Research Papers:

CDK4/6 inhibition as maintenance and combination therapy for high grade serous ovarian cancer

Mangala Iyengar, Patrick O’Hayer, Alex Cole, Tara Sebastian, Kun Yang, Lan Coffman and Ronald J. Buckanovich _

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Oncotarget. 2018; 9:15658-15672. https://doi.org/10.18632/oncotarget.24585

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Mangala Iyengar1,2,*, Patrick O’Hayer1,2,*, Alex Cole4, Tara Sebastian3, Kun Yang4, Lan Coffman4,# and Ronald J. Buckanovich4,5,#

1University of Michigan, Department of Cellular and Molecular Biology, Ann Arbor, MI 48109, USA

2University of Michigan, Medical Scientist Training Program, Ann Arbor, MI 48109, USA

3University of Michigan, School of Literature, Science and the Arts, Ann Arbor, MI 48109, USA

4University of Michigan, Division of Hematology and Oncology, Department of Internal Medicine, Ann Arbor, MI 48109, USA

5Magee Women’s Research Institute, University of Pittsburgh, Department of Internal Medicine, Pittsburgh, PA 15213, USA

*Co-first authors

#Co-senior authors

Correspondence to:

Ronald J. Buckanovich, email: [email protected]

Keywords: ovarian cancer; Ribociclib; CDK 4/6 inhibitor; chemotherapy resistance; cell cycle

Abbreviations: LEE-011: Ribociclib; CDK: Cyclin Dependent Kinase; HGSOC: high grade serous ovarian cancer; TCGA: The Cancer Genome Atlas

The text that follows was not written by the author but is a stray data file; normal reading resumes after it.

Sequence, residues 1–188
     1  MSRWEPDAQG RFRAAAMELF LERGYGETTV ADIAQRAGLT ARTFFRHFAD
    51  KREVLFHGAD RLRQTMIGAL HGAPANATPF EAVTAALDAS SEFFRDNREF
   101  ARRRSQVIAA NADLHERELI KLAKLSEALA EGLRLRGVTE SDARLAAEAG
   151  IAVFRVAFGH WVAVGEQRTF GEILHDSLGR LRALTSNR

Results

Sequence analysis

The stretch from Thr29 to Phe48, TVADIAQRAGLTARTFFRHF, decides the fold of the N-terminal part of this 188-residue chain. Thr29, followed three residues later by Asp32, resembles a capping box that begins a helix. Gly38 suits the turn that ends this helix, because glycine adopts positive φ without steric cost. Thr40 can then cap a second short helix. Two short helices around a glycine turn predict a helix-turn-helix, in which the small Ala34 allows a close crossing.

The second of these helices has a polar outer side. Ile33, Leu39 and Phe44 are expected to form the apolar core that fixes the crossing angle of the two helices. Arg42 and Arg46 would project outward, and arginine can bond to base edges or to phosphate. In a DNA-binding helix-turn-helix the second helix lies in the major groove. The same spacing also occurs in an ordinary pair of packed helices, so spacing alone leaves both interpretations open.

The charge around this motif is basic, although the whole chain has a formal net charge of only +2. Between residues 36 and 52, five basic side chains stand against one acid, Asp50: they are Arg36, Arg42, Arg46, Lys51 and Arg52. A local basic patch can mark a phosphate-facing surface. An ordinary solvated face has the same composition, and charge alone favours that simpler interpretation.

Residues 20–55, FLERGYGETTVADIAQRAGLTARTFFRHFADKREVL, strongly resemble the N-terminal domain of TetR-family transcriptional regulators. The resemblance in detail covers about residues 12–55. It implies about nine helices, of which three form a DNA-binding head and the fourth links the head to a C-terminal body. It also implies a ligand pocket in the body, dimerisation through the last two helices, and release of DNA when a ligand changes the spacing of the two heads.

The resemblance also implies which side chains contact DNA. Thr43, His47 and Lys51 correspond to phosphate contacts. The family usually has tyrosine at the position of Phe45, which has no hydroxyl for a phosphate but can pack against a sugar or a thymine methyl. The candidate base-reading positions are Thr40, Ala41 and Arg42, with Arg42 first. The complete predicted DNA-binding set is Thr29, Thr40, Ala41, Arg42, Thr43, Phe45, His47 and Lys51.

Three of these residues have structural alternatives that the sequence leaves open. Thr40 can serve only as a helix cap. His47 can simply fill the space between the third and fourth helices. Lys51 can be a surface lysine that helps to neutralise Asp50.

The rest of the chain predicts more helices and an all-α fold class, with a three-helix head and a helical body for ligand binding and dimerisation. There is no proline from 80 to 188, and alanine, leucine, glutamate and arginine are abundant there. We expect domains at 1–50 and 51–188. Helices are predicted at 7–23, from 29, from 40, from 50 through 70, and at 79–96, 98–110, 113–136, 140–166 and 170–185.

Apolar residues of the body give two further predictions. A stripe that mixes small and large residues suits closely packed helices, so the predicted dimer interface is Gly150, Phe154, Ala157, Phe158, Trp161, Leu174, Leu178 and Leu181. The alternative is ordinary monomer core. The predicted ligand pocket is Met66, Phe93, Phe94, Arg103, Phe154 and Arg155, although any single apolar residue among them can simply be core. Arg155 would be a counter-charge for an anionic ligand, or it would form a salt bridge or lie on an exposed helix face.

Received: February 20, 2018     Accepted: February 21, 2018     Epub: February 26, 2018     Published: March 20, 2018


High grade serous ovarian cancer (HGSOC) is a disease with a high relapse rate and poor overall survival despite good initial responses to platinum-based therapy. Cell cycle inhibition with targeted CDK4/6 inhibitors is a new therapeutic approach showing promise as a maintenance therapy in cancer. As multiple genes in the CDK4/6 pathway are commonly mutated or dysregulated in ovarian cancer, we evaluated the efficacy of the CDK4/6 inhibitor Ribociclib alone, in combination with chemotherapy, and as maintenance therapy in several models of HGSOC. Ribociclib restricted cellular proliferation in multiple ovarian cancer cell lines. Restricted proliferation was associated with a pseudo-senescent cellular phenotype; Ribociclib-treated cells expressed markers of senescence, but could rapidly re-enter the cell cycle with discontinuation of therapy. Surprisingly, concurrent Ribociclib and cisplatin therapy followed by Ribociclib maintenance was synergistic. Evaluation of the cell cycle suggested that Ribociclib may also act at the G2/M check point via dephosphorylation of ATR and CHK1. Consistent with this mechanism, Ribociclib demonstrated clear activity in both platinum-resistant and platinum-sensitive tumor models in vivo. This work supports clinical trials using Ribociclib in combination with cisplatin and as a maintenance therapy in ovarian cancer.

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